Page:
Temperatures are rising, as they should. Summer is here, and early morning is probably the most comfortable time to spend outside.

I love to sit out on my back porch as soon as I get up for some quiet time — with a cup of coffee, of course. It’s pleasant, there’s usually a bit of a breeze, and I can almost feel nature waking up around me.

One of the most pleasurable parts of the early morning is hearing the birds waking to the new day. As they fly from their roosts, they begin not only to feed, but to sing.

If you spend any time outside on a consistent basis, you will find that many birds of the same species make more than one type of sound.

Birds have both songs and calls, and there are differences and purposes for each that many of us don’t realize. And I’m hoping this column will motivate you to go out in the mornings and discover their calls for yourselves.

Birds have songs that can be quite intricate and contain a musical component. Interestingly, it’s mostly the male birds that sing. Songs are learned from their fathers and can advance in complexity and dialect over the life of the bird.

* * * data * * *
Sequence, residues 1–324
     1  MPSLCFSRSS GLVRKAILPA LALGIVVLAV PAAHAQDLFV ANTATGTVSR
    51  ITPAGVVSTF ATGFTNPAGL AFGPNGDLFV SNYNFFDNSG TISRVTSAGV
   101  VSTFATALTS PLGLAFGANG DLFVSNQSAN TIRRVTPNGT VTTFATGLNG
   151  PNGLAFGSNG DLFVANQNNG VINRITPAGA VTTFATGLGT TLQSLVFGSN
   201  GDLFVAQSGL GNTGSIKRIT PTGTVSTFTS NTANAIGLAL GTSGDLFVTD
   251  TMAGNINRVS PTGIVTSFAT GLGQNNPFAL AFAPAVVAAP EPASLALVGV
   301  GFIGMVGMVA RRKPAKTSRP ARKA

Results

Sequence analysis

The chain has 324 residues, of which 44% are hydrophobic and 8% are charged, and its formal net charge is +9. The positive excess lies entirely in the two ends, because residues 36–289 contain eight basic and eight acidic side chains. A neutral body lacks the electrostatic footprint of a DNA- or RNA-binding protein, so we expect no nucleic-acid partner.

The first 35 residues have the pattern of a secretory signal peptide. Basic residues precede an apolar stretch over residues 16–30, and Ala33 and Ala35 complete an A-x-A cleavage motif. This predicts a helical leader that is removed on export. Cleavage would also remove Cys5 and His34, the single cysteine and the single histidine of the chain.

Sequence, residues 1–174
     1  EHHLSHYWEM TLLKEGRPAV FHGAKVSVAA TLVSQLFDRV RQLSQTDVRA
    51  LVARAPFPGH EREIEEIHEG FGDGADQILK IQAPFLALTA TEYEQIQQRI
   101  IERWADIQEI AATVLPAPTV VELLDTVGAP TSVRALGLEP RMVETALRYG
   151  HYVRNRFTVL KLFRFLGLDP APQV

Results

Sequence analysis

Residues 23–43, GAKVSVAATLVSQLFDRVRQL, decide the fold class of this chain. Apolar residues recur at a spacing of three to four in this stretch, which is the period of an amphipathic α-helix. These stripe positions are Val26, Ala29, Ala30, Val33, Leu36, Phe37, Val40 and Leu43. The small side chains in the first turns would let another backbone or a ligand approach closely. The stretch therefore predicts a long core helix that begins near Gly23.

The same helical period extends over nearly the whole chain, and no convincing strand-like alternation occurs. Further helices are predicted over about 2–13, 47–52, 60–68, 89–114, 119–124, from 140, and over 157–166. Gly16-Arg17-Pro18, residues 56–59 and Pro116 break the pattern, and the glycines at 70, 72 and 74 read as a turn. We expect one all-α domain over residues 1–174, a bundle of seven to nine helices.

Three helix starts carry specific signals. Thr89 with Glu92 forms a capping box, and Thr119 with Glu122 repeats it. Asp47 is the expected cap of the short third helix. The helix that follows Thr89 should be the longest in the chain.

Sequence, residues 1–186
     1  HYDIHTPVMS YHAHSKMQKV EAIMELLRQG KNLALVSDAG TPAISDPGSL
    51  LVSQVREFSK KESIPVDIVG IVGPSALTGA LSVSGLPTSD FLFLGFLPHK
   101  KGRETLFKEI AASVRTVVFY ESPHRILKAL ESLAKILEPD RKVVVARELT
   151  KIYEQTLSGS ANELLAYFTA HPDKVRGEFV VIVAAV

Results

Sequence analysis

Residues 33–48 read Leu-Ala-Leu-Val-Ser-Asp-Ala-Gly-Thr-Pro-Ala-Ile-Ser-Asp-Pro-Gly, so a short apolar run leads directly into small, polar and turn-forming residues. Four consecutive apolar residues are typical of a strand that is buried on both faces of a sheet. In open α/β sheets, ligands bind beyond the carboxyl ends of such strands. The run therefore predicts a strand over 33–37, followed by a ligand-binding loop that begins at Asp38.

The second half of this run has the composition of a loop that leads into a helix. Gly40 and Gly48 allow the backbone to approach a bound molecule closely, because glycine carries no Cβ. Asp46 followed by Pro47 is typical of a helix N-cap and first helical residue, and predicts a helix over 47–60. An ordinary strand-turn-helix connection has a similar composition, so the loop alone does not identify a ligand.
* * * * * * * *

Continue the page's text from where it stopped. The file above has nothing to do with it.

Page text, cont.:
Songs may distinguish males from each other for breeding, establishing a territory and communicating with mates. Some birds sing to compete for females, and many species will go as far as to imitate other birds or inanimate objects.

According to the All-Birds.com website, there can be two types of songs in a bird’s repertoire. One is the “loud song” we can easily hear and the other is the “whisper song,” which is much more discreet.

Birds also have calls. There are not as harmonious as the songs. These can be just a quick burst of notes and are year-round and not found to be associated with breeding.

Communicating with each other using calls can be very important between birds in an area or region.

Calls may signify that a predator is near or it is time to roost or time for a coordinated effort or a food source has been found.

Believe it or not, studies have been done to study bird calls and behavior, and it is thought that even birds of different species can understand or communicate with each other.

We’ve all seen baby birds on videos calling out to their parents for food. It seems the parent birds can recognize and distinguish the calls of their own babies from others.

I think it’s fun to be able to listen to a bird’s song or call and know which species I’m hearing.

What helps with this, if you decide to try to develop this skill, is having a pair of binoculars handy as well as a bird field guide. Using your sense of hearing and sight, these come together to form an enjoyable experience with nature and can develop a lifelong hobby that can be shared with loved ones.

Darla Horner Menking is an outdoor enthusiast and Herald correspondent. Contact her at darla.menking@gmail.com

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